"Gouty patients swear at their feet, rheumatics at their hands, blear-eyed people at their eyes, and do not those who often stub their toes blame their feet for all their pain?

"Why will our Catos with their frowning brows
Condemn a work of fresh simplicity'?
A cheerful kindness my pure speech endows;
What people do, I write, to my capacity.
For who knows not the pleasures Venus gives?
Who will not in a warm bed tease his members?
Great Epicurus taught a truth that lives;
Love and enjoy life! All the rest is embers.

"Nothing can be more insincere than the silly prejudices of mankind, and nothing sillier than the morality of bigotry,"

Chapter the One Hundred and Thirty-Third

I called Giton when I had finished my meditation: "Tell me, little brother," I demanded, "tell me, on your honor: Did Ascyltos stay awake until he had exacted his will of you, the night he stole you away from me? Or was he content to spend the night like a chaste widow?" Wiping his eyes the lad, in carefully chosen words took oath that Ascyltos had used no force against him. (The truth of the matter is, that I was so distraught with my own misfortunes that I knew not what I was saying. "Why recall past memories which can only cause pain," said I to myself. I then directed all my energies towards the recovery of my lost manhood. To achieve this I was ready even to devote myself to the gods; accordingly, I went out to invoke the aid of Priapus.) {Putting as good a face upon the matter as I could} I knelt upon the threshold of his shrine and invoked the God in the following verses:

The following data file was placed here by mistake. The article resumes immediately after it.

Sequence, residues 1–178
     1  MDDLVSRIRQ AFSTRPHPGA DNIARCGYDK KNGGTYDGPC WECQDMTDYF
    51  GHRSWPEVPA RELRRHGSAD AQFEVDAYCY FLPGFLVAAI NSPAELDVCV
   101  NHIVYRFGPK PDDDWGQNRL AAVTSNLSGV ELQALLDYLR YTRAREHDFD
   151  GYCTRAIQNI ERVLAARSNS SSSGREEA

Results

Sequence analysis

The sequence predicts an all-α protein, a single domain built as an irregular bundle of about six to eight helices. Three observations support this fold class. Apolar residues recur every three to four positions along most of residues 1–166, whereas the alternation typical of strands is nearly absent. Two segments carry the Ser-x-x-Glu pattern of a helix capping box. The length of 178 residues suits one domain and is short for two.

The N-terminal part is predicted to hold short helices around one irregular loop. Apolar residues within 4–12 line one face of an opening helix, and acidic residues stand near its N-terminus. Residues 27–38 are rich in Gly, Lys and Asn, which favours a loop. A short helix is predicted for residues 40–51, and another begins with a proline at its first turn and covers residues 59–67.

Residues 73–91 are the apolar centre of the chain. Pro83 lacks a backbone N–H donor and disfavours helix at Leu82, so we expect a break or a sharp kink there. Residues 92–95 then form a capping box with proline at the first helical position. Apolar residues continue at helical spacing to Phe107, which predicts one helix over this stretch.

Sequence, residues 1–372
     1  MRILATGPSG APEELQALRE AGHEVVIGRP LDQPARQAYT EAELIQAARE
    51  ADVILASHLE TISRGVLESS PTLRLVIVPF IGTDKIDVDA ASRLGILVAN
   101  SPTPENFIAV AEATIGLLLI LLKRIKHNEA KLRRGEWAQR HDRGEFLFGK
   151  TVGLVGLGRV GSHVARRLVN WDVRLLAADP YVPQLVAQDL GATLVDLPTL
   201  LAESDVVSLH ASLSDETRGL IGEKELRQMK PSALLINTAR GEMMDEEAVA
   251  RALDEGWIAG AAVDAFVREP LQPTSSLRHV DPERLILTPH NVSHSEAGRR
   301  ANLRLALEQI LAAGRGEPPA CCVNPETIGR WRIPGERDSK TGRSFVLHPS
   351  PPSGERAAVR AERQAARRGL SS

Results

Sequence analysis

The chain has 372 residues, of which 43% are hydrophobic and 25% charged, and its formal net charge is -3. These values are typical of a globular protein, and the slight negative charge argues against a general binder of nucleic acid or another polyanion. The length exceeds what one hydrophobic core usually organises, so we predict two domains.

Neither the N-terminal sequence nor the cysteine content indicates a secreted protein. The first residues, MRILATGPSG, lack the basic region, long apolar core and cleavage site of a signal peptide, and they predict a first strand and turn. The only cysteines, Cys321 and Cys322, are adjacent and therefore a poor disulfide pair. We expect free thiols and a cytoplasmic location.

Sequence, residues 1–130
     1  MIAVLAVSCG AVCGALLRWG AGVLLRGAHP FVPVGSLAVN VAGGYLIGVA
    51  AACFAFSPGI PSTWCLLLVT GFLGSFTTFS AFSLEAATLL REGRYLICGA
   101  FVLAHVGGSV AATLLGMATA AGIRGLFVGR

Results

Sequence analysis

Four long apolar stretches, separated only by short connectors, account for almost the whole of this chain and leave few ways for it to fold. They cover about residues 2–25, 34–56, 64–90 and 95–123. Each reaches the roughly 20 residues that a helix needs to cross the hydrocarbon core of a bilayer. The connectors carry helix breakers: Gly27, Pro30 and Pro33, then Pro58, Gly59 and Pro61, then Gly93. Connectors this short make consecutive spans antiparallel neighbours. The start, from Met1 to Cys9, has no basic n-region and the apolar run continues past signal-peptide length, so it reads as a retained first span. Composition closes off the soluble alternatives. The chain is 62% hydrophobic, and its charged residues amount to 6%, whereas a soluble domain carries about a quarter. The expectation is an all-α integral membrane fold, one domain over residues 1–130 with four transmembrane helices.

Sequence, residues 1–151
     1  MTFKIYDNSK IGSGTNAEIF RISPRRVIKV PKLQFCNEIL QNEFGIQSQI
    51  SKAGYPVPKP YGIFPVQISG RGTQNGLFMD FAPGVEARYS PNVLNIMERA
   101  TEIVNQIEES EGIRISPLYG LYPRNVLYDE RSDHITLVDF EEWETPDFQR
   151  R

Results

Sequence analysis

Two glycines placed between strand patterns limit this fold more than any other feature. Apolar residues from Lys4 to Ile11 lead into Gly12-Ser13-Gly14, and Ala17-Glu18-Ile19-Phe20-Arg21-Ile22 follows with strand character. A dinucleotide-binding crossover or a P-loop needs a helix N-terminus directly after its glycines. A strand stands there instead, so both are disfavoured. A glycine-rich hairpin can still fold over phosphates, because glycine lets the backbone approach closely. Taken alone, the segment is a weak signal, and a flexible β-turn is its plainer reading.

"Of Bacchus and the nymphs, companion boon,
Whom fair Dione set o'er forests wide
As God: whom Lesbos and green Thasos own
For deity, whom Lydians, far and wide
Adore through all the seasons of the year;
Whose temple in his own Hypaepa placed,
Thou Dryad's joy and Bacchus', hear my prayer!
To thee I come, by no dark blood disgraced,
No shrine, in wicked lust have I profaned;
When I was poor and worn with want, I sinned
Not by intent, a pauper's sin's not banned
As of another! Unto thee I pray
Lift thou the load from off my tortured mind,
Forgive a light offense! When fortune smiles
I'll not thy glory shun and leave behind
Thy worship! Unto thee, a goat that feels
His primest vigor, father of the flocks
Shall come! And suckling pigs, the tender young
Of some fine grunting sow! New wine, in crocks
Shall foam! Thy grateful praises shall be sung
By youths who thrice shall dance around thy shrine
Happy, in youth and full of this year's wine!"

While I was engaged in this diplomatic effort in behalf of the affected member, a hideous crone with disheveled hair, and clad in black garments which were in great disorder, entered the shrine and, laying hands upon me, led me {thoroughly frightened,} out into the portico.

The Priestess' Revenge

Chapter the One Hundred and Thirty-Fourth